Unfortunately, the most positive pattern that makes usability happen in the real world becomes the dirty trick in the communication. This pattern is the brilliant way to put something in writing that not welcomed by the recipient. Just let me show several examples.

The first one is about corporate policies. Have you ever read them? The bigger company is the more complicated they are. As the result it is perfect place to hide something. E.g. your company has a policy that allows ordering pizza or taxi on a specific occasion. However, to use them you should find the right regulatory document. Surprisingly, there is no pizza or taxi ordering policy. It is part of a 60-page-long office space regulatory policy. Those who are aware are using the service. Others are suffering from the pattern. Whether it was done on purpose or not is the question to you. Bad author does it accidentally. The good one does it on purpose!

Another usage of this pattern is emailing. There are cases when you need to put disclaimer, notification or fact into the message to cover your back. However, the counterpart wouldn’t ever confirm this information. So, it is your turn to do the dirty Hiding Things pattern. Write the long message with two or three messages in it. Put you tiny message (that is expected to be skipped by the reader) right after the tough and intriguing question near the end of the message and cross your fingers. In 50% cases if not used daily it works.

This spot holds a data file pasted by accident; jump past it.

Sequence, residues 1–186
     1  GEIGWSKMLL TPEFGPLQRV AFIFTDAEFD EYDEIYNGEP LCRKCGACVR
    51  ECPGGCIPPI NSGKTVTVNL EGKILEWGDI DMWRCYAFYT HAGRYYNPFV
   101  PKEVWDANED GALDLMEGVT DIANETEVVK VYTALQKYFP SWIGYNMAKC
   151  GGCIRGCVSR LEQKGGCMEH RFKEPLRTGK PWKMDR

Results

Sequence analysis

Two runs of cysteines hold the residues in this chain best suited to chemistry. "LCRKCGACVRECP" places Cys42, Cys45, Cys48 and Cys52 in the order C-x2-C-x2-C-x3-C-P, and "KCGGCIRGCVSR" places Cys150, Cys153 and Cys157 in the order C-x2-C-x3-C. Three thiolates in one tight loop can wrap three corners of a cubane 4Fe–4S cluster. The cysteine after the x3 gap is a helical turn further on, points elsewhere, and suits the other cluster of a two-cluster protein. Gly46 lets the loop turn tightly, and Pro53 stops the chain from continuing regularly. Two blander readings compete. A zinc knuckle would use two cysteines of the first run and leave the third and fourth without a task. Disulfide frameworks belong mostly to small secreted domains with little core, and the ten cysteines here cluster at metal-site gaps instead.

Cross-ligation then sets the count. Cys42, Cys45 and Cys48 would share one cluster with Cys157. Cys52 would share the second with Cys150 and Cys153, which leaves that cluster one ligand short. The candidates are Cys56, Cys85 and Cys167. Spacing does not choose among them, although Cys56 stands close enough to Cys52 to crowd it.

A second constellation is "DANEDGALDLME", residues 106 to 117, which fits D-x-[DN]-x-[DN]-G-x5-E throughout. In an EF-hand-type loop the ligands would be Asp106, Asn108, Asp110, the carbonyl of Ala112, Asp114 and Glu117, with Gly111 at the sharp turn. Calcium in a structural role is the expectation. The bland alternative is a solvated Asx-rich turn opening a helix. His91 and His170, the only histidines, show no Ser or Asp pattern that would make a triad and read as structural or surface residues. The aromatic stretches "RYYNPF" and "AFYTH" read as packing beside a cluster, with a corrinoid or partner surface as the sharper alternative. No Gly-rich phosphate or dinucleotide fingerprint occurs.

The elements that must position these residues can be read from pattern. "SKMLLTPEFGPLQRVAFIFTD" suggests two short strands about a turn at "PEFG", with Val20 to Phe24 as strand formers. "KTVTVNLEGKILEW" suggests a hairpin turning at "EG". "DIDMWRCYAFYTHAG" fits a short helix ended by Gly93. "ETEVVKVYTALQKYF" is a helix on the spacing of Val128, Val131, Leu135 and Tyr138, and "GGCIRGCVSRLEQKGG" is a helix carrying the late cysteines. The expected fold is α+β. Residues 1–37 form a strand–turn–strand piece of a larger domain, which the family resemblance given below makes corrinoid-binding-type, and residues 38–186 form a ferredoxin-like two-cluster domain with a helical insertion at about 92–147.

Disclaimer: whatever reason you have to hide something you should think from the reader’s perspective. The most awful thing is when writer of the document can’t understand the reader properly. Hiding Things is the most dangerous pattern in this case.

PS: If you don’t you like politics and avoid even thinking about dirty tricks you are not ready for anything more intriguing and interesting but a line management.

Inspired by: http://www.danlockton.com/dwi/Hiding_things


Today I’d like to talk on the architectural pattern Simplicity. Original description says:

How simply can you structure things, to make it easier for users to do what you’d like them to do?

And example says:

EcoButton allows a user to put a computer into a low-power state with just one press, making it much easier for users to save energy.